Introduction: Make a Led Wall Piece in Class

About: I'm a teacher (physics, grades 7 to 10), Maker and product designer. (Check out full of experiments, projects for Maker Education and kits for Bibberbeests!). Besides that, I write childre…
The instructable Make a Boo wall piece was a "springboard" for this project: an assignment for students to make a "Led wall piece" of their own design.

Since September 2012 I work part-time for Metzelaar Praktijkgilde, a starting up school where craftsmanship is in the center of the educational concept. Students are coached and taught by a team of professional craftsman and educators. After an introduction period of six weeks students work together with professional craftsmen on paid jobs. While on the job, students find out what they're good at and what they need to learn.

For the six weeks introduction period, the assignment of designing and making of a "Led wall piece" works great because a lot of aspects of different crafts and skills are introduced on a novice level. In the same time, making a logo of your own design (or your  favorite soccer team :-)) proves to be very rewarding and stimulating for the students.

For the instruction, I haven't used a powerpoint, worksheet or drawings. I used the real thing, a hands-on example in the form of my self made Boo wall piece. I find this much more efficient way of instruction than the text or picture based instruction.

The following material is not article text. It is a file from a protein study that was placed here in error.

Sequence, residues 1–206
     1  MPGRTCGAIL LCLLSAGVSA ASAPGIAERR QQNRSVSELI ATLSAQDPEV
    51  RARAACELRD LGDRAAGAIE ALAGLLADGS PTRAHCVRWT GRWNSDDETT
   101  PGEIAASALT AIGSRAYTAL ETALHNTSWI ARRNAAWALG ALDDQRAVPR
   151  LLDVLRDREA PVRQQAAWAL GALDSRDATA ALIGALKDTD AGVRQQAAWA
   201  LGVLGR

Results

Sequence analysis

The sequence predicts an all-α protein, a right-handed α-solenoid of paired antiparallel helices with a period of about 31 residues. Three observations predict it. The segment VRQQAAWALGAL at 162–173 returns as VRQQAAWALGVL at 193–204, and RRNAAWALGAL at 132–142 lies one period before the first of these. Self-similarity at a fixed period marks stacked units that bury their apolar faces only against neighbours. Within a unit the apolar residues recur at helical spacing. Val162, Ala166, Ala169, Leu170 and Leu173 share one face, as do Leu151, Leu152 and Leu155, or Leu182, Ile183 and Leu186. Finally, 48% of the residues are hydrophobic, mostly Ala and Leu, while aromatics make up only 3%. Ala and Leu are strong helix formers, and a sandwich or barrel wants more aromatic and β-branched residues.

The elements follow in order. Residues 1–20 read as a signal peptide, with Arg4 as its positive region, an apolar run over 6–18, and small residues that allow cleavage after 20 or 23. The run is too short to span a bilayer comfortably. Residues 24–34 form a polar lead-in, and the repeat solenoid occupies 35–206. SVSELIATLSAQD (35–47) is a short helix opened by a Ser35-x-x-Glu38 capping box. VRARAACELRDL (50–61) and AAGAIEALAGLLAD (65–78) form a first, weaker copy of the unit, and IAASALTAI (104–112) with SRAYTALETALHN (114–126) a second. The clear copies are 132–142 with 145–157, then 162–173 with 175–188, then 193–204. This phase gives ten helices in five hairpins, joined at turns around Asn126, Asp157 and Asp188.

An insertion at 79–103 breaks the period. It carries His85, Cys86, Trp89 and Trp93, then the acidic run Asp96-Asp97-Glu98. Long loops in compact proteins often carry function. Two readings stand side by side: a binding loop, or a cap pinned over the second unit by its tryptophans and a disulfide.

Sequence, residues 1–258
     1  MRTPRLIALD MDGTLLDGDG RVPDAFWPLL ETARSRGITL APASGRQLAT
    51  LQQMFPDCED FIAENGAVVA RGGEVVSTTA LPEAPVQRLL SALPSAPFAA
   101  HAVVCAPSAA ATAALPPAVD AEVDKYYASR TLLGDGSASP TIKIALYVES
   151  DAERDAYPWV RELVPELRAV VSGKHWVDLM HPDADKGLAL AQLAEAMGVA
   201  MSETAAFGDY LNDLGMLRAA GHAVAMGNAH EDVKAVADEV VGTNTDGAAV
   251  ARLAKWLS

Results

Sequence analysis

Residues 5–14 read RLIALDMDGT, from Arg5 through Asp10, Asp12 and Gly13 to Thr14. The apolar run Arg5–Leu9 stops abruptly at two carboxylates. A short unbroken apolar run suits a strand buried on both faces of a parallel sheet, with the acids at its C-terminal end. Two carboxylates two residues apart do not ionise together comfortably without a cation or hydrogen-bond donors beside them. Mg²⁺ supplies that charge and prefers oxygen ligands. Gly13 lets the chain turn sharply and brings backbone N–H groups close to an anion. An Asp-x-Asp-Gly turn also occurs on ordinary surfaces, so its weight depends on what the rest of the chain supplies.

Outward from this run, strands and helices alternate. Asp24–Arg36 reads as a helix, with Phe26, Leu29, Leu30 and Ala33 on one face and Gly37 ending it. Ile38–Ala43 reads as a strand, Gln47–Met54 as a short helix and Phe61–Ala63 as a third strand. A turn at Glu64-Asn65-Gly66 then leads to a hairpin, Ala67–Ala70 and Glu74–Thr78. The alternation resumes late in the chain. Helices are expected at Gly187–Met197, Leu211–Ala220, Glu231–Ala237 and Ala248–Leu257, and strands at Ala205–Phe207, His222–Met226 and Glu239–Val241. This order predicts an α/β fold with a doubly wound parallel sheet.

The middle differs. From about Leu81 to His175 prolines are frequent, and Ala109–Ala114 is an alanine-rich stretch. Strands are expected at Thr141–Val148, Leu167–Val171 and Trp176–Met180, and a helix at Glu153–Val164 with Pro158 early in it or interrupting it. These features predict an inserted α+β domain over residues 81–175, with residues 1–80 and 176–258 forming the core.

Since the students made their own designs for the wall piece, a few extra's came along that I had not foreseen, but was very happy to include, such as the use of perspex, typography, using different colored led's, chiseling, etc.

We started with a very heterogeneous group of 11 students, aged from 17 to 31 with different levels of previous education.

General goals for this project are:
  • First and foremost: Make students enthusiastic about Making and providing a successful start with their just-started education.
  • Introducing different skills and materials to the students.
  • Investigating the students' skills in various disciplines.
  • Investigating the students' interests in different disciplines of craft.

On crafts:
  • Introduction to the crafts woodworking, painting, eletronics, calligraphy

Introduction and training of skills:
  • Introduction to the use of some tools: jigsaw, sander, chisel, router, soldering iron

On design:
  • Sketching
  • Dimensioning and technical drawing
  • Transferring design on wood
  • Use of colors
  • Typography

On electronics
  • Concepts of electrical circuit, current and voltage
  • Concepts of electrical resistance, use of resistors to limit a current
** Stay tuned to this instructable. Eight more wall pieces are still on their way to completion. I'll post more pictures and add some explanation in the upcoming weeks **

Step 1: Tools, Materials and Costs

Costs per wall piece are somewhere between US$10 and $20 / €8 and €16.

  • Pencil and paper at least 60x60 cm
  • Hand saw
  • Jigsaw
  • Ruler
  • Router (optional)
  • Sanding paper
  • Soldering iron
  • Pliers
  • Multimeter
  • Lab power supply

Materials for one wall piece:
  • MDF, two sheets of 60x60 cm
  • Paint: acrylic and primer
  • Perspex sheet 4-8mm thick (optional, size depending on the design)
  • 10-15 leds. We used low-current 5mm red and green leds.
  • 2 meters of 3M copper tape
  • Brass rod, 6mm diam. (optional)